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by on May 10, 2013


The heckling post on the blog reminded me of the hostile reception received by British Prime Minister Tony Blair by the Women’s Institute (UK) in 2000 …

The Women’s Institute’s slow hand clapping and heckling of Tony Blair gestured towards the pernicious spin machine of the Blair administration, the effects of which were to become increasingly visible over the next decade.

This was before the war in Iraq, before the scandalous misinformation campaign leading up to that war … before the iconic ‘Bliar’ Stop the War banners, the Women’s Institute led the way!

The audience were angered by the use of their Institute as a party political platform – Blair used the speech to stress the traditional civic values of the Labour Party. The speech explicitly tried to gain back the centre-ground from the Conservative Party who were gaining popularity in the polls at the time.

Here’s what Helen Carey, the Chair of the National Federation of Women’s Institutes said about the event some years later:

At the time I don’t think we realised it was quite so seminal. It was quite amazing that he lost the plot. I wasn’t expecting him to give such a poor speech. We had said please remember we are non-party political, these are intelligent women, please don’t patronise them. And unfortunately he did all of those things. I gather that he wrote the speech himself.


You can read more about the slow hand clapping here –

Also, have a look at this clip – the audio cuts out a bit (sorry – I don’t seem to be able to find a better clip) –

What is it about this gesture of clapping? There’s a detournement of the approval that applause generally signifies, and a very effective disruption of the privilege of the speaker – his voice is drowned out by the wickedly slow-paced, repetitive, increasingly piercing chorus of claps. There is literally nothing Blair can do here but face up to the humiliation …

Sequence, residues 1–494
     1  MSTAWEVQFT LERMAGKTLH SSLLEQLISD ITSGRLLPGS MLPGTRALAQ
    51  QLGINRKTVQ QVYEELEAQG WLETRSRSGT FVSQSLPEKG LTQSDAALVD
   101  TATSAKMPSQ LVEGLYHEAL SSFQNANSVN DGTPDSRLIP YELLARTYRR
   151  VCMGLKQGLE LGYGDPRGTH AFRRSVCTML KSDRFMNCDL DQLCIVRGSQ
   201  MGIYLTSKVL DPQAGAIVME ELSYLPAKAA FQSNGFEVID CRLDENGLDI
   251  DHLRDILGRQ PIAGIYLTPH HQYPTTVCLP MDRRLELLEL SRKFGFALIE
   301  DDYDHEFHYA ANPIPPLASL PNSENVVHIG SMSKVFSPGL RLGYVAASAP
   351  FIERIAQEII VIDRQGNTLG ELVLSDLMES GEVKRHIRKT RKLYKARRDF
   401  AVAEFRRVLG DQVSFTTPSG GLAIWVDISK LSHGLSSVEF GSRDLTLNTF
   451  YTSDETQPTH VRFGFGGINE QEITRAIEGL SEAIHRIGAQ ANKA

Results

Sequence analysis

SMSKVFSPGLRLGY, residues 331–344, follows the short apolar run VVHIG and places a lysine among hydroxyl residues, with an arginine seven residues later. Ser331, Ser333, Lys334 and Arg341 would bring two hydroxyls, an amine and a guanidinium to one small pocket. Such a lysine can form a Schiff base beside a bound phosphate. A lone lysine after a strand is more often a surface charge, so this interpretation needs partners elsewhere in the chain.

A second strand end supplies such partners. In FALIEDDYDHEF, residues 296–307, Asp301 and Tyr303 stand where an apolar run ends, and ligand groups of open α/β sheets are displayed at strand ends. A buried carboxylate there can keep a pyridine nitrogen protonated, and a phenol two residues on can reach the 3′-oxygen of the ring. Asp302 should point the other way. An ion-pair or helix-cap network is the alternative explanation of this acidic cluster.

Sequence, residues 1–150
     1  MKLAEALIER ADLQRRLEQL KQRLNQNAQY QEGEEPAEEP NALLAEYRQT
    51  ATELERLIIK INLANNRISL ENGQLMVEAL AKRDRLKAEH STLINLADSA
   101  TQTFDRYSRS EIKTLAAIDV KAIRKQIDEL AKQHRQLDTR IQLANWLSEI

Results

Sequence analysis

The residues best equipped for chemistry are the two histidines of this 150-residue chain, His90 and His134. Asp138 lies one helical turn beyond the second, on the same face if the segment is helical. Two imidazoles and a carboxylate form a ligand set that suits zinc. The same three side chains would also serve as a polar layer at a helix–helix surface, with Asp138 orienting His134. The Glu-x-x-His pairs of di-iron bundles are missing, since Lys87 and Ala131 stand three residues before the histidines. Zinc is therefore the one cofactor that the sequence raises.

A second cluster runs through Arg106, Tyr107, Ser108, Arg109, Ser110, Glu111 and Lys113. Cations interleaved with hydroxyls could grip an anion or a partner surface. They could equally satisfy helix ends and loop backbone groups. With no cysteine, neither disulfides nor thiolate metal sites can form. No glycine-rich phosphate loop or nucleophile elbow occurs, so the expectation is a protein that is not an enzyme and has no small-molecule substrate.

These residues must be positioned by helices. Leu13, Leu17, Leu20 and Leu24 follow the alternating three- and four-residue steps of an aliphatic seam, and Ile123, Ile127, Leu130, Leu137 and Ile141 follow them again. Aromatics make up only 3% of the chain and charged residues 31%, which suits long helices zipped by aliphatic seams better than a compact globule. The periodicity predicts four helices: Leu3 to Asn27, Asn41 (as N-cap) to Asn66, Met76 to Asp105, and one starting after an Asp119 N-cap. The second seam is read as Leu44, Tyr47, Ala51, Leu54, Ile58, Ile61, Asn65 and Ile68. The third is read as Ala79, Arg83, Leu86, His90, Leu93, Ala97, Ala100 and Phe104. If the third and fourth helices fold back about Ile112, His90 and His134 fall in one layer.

I enjoy the gender dimension of this moment – we see the disapproval of a man who should know better than to patronise and exploit ’10,000 women who represent the backbone of Britain’ as the Guardian article put it at the time. Thinking back – I remember an increasingly vivid sense of dismay, disappointment, anger circulating in the public sphere (following the euphoria of the Labour victory in 1997, after 18 long long years of Conservative rule) at New Labour’s ‘selling out’ of traditional left wing values. It is notable, as Carey notes in the Guardian article above, that the slow hand clap started with the part of the speech about the National Health Service. This was a signifier of national pride that the Labour Party was supposed to protect but was threatening to destroy through its various public-private finance initiatives.

But – it is interesting that it isn’t really clear even now why there was so much disapproval or information about how this came about. This wasn’t a planned intervention, but a spontaneous gesture that gathered pace and was then circulated via media networks globally. Whilst it appeared to have started with the NHS part of the speech, it wasn’t aimed at drawing attention to a particular policy or government initiative. It was a gesture that captured, focused, crystallised something and materialised itself ‘in the air’ – it was a prescient gesture that called attention to a felt thing …

‘It’s like a war drum’ – this comment beneath the You Tube clip (link above) – sums it up well. It was a drawn line in the sand, a signal of a limit … It was a visceral reminder that leadership is (or rather should be?) accountable to anonymous publics.

Readers with an academic bent may want to read Baz Kershaw’s rather brilliant account of applause as a way in to analysing changing nature of audience participation in twentieth century theatre –

Baz Kershaw (2001) ‘Oh for Unruly Audiences! Or, Patterns of Participation in Twentieth-Century Theatre’ Modern Drama, 42:2 (133-154).

This article was also developed further– and this later version can be read in chapter 6 of Baz Kershaw (2007) Theatre Ecology: Environments and Performance Events (Cambridge University Press).

From → Clap

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